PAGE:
The agile approach to development comes with expectations of increased continuous delivery of software through team collaborations -- but the results are far from guaranteed.
The potential for failure with agile development and how to respond such a breakdown was the of focus of Vertikal CTO Hank Birkdale’s keynote at this week’s DeveloperWeek New York conference. He said that prior to his work with Vertikal, a risk management solution provider, he served as executive program manager for an agile transformation with a large financial services enterprise. The plan then was to turn a shop with some 12,000 people into an agile shop. “This was a while ago,” Birkdale said. “When I first started, I was a little bit skeptical.”
He became more confident about agile methodology after completing that project and expected to apply lessons learned to other roles in the future. Birkdale described agile as an adaptive software development process that delivers in incremental chunks. He said most failures in agile occur while assessments are still underway. “They’re right in front of you during the practice, during a sprint demo, during a sprint planning session, during whatever practices you’re using,” Birkdale said. “That’s where you actually see the failures.”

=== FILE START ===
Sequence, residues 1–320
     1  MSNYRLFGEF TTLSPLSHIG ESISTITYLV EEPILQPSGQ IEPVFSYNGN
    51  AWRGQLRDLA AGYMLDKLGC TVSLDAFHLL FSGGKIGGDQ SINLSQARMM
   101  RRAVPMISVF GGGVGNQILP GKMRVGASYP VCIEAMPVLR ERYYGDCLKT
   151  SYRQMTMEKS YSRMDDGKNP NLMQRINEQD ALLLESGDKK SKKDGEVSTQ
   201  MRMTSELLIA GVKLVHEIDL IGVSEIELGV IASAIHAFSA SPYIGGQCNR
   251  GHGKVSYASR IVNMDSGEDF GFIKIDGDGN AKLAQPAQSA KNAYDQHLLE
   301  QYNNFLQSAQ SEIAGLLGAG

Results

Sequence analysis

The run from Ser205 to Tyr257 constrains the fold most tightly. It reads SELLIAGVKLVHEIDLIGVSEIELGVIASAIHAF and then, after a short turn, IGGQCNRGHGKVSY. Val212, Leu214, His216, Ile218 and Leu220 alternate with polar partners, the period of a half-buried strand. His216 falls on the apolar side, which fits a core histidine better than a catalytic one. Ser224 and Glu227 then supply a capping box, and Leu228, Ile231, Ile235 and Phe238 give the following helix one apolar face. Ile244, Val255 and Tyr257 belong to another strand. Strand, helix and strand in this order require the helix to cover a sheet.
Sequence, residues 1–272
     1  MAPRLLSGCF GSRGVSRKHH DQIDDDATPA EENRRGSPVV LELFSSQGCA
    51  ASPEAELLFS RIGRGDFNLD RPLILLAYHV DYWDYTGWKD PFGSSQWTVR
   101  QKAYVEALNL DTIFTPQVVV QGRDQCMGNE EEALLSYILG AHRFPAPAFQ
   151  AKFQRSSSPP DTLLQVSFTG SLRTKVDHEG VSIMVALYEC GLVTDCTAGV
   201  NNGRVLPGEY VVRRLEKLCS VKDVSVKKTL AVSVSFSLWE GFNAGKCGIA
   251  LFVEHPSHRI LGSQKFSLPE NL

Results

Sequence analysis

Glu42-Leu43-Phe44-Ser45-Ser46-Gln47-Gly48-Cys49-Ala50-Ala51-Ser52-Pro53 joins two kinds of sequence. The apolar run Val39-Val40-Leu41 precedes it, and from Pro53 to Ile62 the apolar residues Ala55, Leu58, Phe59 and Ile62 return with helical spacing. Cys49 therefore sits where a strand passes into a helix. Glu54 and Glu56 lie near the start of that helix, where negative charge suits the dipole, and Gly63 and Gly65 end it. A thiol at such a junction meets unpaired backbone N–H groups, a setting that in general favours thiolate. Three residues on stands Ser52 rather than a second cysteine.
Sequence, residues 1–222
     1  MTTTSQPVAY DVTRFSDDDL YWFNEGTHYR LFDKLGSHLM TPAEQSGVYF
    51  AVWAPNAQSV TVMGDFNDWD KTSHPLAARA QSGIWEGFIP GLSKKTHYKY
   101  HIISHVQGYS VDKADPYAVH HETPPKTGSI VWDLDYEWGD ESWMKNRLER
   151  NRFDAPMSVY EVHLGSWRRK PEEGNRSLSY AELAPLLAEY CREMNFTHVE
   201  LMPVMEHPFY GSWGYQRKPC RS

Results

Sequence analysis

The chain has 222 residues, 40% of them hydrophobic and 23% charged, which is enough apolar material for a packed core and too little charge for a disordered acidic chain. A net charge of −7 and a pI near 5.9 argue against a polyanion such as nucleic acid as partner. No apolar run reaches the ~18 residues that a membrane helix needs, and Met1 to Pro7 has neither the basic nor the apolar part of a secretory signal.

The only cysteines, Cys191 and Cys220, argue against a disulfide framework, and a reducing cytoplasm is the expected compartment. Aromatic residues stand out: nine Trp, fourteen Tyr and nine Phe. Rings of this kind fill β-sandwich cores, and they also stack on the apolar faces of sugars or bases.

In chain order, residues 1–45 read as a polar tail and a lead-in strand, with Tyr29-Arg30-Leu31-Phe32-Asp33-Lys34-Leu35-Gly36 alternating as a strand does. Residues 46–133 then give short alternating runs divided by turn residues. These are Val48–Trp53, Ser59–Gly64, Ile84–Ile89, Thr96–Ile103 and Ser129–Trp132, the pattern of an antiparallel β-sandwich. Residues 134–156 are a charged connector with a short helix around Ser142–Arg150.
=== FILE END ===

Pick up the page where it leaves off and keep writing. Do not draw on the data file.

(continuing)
Diving blindly into agile can also be a quick way to make matters worse, he said. If organizations ignore the core principles of agile while trying to adopt the methodology, Birkdale said they are likely to create more challenges for themselves and increase the chances for failure.
A key indicator that agile is not working is the team is not delivering, he said, and no one knows what they are doing. There may be emails about sprint demos being cancelled but little else to show. “One of the things about agile -- working software is the primary measure of progress,” he said. “If you’re not seeing working software, the team is actually failing.”
Here are some of the issues Birkdale said to look for if teams are not delivering:
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Joao-Pierre S. Ruth has spent his career immersed in business and technology journalism first covering local industries in New Jersey, later as the New York editor for Xconomy delving into the city's tech startup community, and then as a freelancer for such outlets as ... View Full Bio